§ all knowledge/arguments are valid and treated equally;
§ participants can challenge assumptions/issues;
§ validationis done on the basis of a good argument, promoting the multiplicity of
knowledge present in the session;
§ the facilitator should be independent (in terms of content and results and does
not comment on them), and should ensure a safe space and that all have the same
opportunity to intervene and be heard;
§ the facilitator must ensure that the process progresses at a good pace, but should
give enough time for participants to create their own dynamics and consolidate
§ participants should be encouraged to seek consensus, focusing on interests
and not positions, and win-win solutions should be valued;
§ the facilitator should be able to separate the people from the problem,
encouraging that all issues are placed on the table, appropriate by the group
and subsequently discussed.
(Source: adapted from Lia Vasconcelos, “Participação pública
aspectos metodológicos”, pp. 4-5, Infortejo nº12, Mar/Abr 2011)
The main idea of these methods is to encourage participants to engage in a genuine debate, identifying issues and interests, in order to contribute to the project, developing proposals for a more based urban intervention and meeting the interests of those who will be living the space.
If these conditions are handled by trained professionals, “communities of practice” are created to privilege creative contexts, to articulate knowledge and to generate innovation.
To ensure spaces of interaction for “empowerment”, especially with the involvement of the excluded, is essential to overcome situations of exclusion, “amplifying the voice” of those who are less heard and contributing to the co-construction of inclusive spaces. This collective space – is an opportunity essential to generate strategies, proposals and decisions, promising innovation. This work is made with the participants until achieving a collective speech where everyone can identify with and ends in “empowerment”, a crucial element for establishing a social cohesion and community identity. In short, it strengthens the social capital essential for adequated solutions in times of crisis and to respond to particular situations. In sort, everyone is involved and contributes to find options and partnerships, essential for achieving results.
However, it is not enough just to build a good process that contributes to the empowerment, it is necessary that the responsible institutions are actually involved and ready to take their role in implementing the agreement, otherwise we will create many unanswered expectations and add more discredit to participation. There are situations that although they have been successful in building empowerment and agreeing on the action plan to be carried out, more than four years later little or nothing has been accomplished.
An articulation of knowledge
In short, we propose building professional spaces that promote the articulation of knowledge, aiming at a co-construction of collective capital contributing for solutions that are tailored and appropriate to the interests and concerns of those living in an urban space. Urban liberalism is convinced that everything can be simplified. However, the success has only been with the minorities working on this type of urbanism, which can, in addition to recognizing the complexity, instil in its spirit and place the action in a world of uncertainty (Bourdin, 2011:61). So, if urban liberalism was imaginative and produced conjuncture innovations, it “failed to renew the knowledge of reference” that has now become “highly obsolete” (Bourdin, 2011:68).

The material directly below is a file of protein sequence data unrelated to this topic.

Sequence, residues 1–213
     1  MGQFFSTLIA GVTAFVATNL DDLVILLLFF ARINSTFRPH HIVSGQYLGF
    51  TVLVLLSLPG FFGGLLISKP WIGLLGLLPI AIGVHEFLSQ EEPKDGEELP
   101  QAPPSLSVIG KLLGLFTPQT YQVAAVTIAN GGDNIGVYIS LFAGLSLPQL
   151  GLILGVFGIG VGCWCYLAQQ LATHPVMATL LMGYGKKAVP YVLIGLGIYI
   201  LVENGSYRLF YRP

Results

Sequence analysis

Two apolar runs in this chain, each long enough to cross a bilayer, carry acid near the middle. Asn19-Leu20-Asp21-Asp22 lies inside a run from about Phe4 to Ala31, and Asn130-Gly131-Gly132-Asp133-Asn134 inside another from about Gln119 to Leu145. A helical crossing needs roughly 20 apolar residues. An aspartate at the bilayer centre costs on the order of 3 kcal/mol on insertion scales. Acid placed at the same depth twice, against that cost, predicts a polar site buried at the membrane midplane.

The low priority given to the lessons learned among urban actors, collaborative networks, interfaces between the sectored and territorial actions, among others, offer a wide range of possibilities and space to explore (Bourdin, 2011:81). In this new context, it is essential to relay on the “solid references common to all the actors involved”. When these are absent or weak, they should be created (Bourdin, 2011:81).
Foster the emergence of a more comprehensive, collective and meaningful knowledge, allows the construction of qualified urban communities (empowered urban communities), essential to generate more adjusted, balanced and shared contributions, indispensable for a creative and innovative society.
We believe that despite the crisis, the urban future, may be promising and eager to try new tools and strategies for a solution.
”We build civilizations and culture together, constantly learning from one another and from the past. New technologies from the book to Google have failed to change our fundamentally social nature. They’ve made it easier to learn some things without meeting face to face, but that hasn’t eliminated the extra edge that comes from interacting in person. Indeed, since new Technologies have increased the returns from new ideas, they have also increased the returns from face-to-face collaboration.” (Glaeser, 2011: pg 268).
To “Fundação para a Ciência e Tecnologia” for partially financing this research through the support of the Instituto of Marine Research (IMAR).
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1 Forum aU (architecture and urbanism) – http://www.revistaau.com.br/arquitetura-urbanismo/181/artigo131604-1.asp (29.07.2011)